The Girl on the Train Review
Cinema rarely paints train travel to be the unreliable and tedious slog that it really is. Strangers on a Train, The Great Train Robbery, Murder on the Orient Express, Brief Encounter and Double Indemnity all find a kernel of excitement and adventure in the Industrial Revolution’s greatest stamp of progress. Director Tate Taylor’s adaptation of the best-selling Paula Hawkins novel, The Girl on the Train, strives to transform the daily commute into a Hitchcockian murder mystery thriller. Rather than replicating Rear Window on rails, it goes down the wrong track only succeeding in perfectly encapsulating the utter tedium of a routine two hour train journey between Manchester Piccadilly and London Euston.
We begin our cinematic journey by meeting Rachel (Emily Blunt), a depressive alcoholic struggling with her recent divorce, on her daily commute into central New York. The train passes rows of grand suburban castles, one of which conveniently happens to house her ex-husband Tom (Justin Theroux) and his new wife Anna (Rebecca Ferguson). While bitterly spying on his new life, she soon begins obsessing over his neighbours instead; a young couple whose porch overlooks the tracks. A stunning blonde, Megan (Hayley Bennett), whimsically saunters about the porch in her underwear, only ever interrupted by her hulking other half, Scott (Luke Evans), who meets her with a loving embrace. Rachel fantasises about this couple and their perfect life, enviously imagining the smallest details of their existence, until one day the illusion is broken; the blonde is on the porch in the arms of another man.
In an alcohol fuelled rage Rachel departs the train at an earlier stop in order to confront Megan over her infidelity. The next thing Rachel remembers is waking up back in her apartment covered in blood and bruises to the news that Megan has gone missing. After suffering a total blackout she finds herself the prime suspect in Megan’s disappearance.
The comparisons to Rear Window are inevitable, but Rachel’s personal stake and joyless condition make this far from the accidental adventure of Hitchcock; but then neither is it sophisticated enough to follow the DIY sleuthing of Blow-Up, The Conversation, and Blow Out. Instead Rachel’s battle to remember most closely resembles Memento minus any of the ingenious narrative construction. The film straddles between being a generic murder mystery and a redemptive tale of Rachel reclaiming her former self. It soon becomes clear that these two parallel tracks aren’t really compatible, or at least not for Taylor.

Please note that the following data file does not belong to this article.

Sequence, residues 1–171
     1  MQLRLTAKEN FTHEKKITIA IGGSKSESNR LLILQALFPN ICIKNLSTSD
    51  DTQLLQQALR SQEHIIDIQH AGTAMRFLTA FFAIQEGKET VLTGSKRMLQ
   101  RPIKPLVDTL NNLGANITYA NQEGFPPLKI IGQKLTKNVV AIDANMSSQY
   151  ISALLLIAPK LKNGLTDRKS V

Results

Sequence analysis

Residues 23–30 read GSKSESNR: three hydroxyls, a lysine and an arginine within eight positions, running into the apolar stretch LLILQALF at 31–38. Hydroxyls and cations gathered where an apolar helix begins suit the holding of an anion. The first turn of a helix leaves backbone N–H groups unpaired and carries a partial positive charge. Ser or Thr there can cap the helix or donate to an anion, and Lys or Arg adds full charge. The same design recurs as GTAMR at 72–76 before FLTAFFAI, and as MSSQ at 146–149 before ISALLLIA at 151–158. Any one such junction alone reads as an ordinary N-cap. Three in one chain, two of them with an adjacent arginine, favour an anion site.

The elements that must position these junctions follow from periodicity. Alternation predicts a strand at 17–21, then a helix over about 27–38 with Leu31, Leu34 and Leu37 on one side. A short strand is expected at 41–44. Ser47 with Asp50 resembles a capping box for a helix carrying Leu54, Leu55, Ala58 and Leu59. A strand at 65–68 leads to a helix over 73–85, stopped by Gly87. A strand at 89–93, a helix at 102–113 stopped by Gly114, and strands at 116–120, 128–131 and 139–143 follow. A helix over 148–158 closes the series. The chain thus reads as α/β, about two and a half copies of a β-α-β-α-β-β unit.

In fact the film’s biggest flaw is just how weak the story appears on screen. Hawkins’ narrative is built on an absurd level of convenience that, from the moment we discover Megan and Scott live a few doors down from Tom, discards any mystery or plausibility. Everything ties together perfectly in this insular world of incredulous coincidence. Via a series of fortuitous encounters and unsubtle exposition Rachel is able to solve the entire mystery. One crucial plot twist is built on an all too accidental crossing of paths on the train. Some films make you believe in a world far beyond the frame of the camera, but The Girl on the Train feels wholly disingenuous in its mystery by numbers set-up. While the plot never threatens plausibility, perhaps the most alarming issue is just how dull and disengaging the viewing experience is.
The film’s ability to convince suffers even further from the idyllic reality it portrays. This yuppie neighbourhood resembles something from Blue Velvet or The Stepford Wives in its dreamy aura but without any sense of satire, irony or humour. Everyone and everything is sexed up and sculpted with a veneer of flawlessness for purely aesthetic reasons. In the end the likes of Scott and Megan are as involving as a robotic Stepford Wife, totally wasting the talents of Evans, Bennett and co. Rachel, even with all her inner turmoil, can’t escape the draining detachment from reality. At one point we’re told Rachel has been out of work for a year, yet somehow her divorce settlement has paid for rent, daily commutes, Martinis in fancy Manhattan bars, and a constant supply of booze. The viewer’s intelligence is barely registered let alone tested.
Even Emily Blunt, with her constantly puffy face and deadened eyes, can’t inject passion into Taylor’s humourless affair. Filmed relentlessly in shaky handheld close ups we’re literally faced with Rachel’s dour demeanour for the whole film leading to a disorientating lack of context. Taylor strives for strong emotional resonance by sheer proximity but does so at the expense of effectively managing the pressing murder mystery. Taylor’s inability to blend the far-fetched premise into a compelling story is further unaided by some haphazard editing. The story flits inconsistently between person, place and time making is yearn for the non-linear mastery of Tarantino or Nolan, or even superior companion piece Gone Girl.
Whether the same can be said of Hawkins’ novel is a whole other question, but Taylor’s film is a lowest common-denominator-bunny-boiler-dispensable-airport-time-filler to get middle aged women hot under the collar before their imminent menopause. It’s a bland, trashy piece of filmmaking that feels cheap and artificial without a redeeming sense of being a guilty pleasure. Do yourself a favour, miss this and take up train spotting – the 17.43 to Lemington Spa is looking mighty exciting all of a sudden.
2/10 – Throw Me Under the Tracks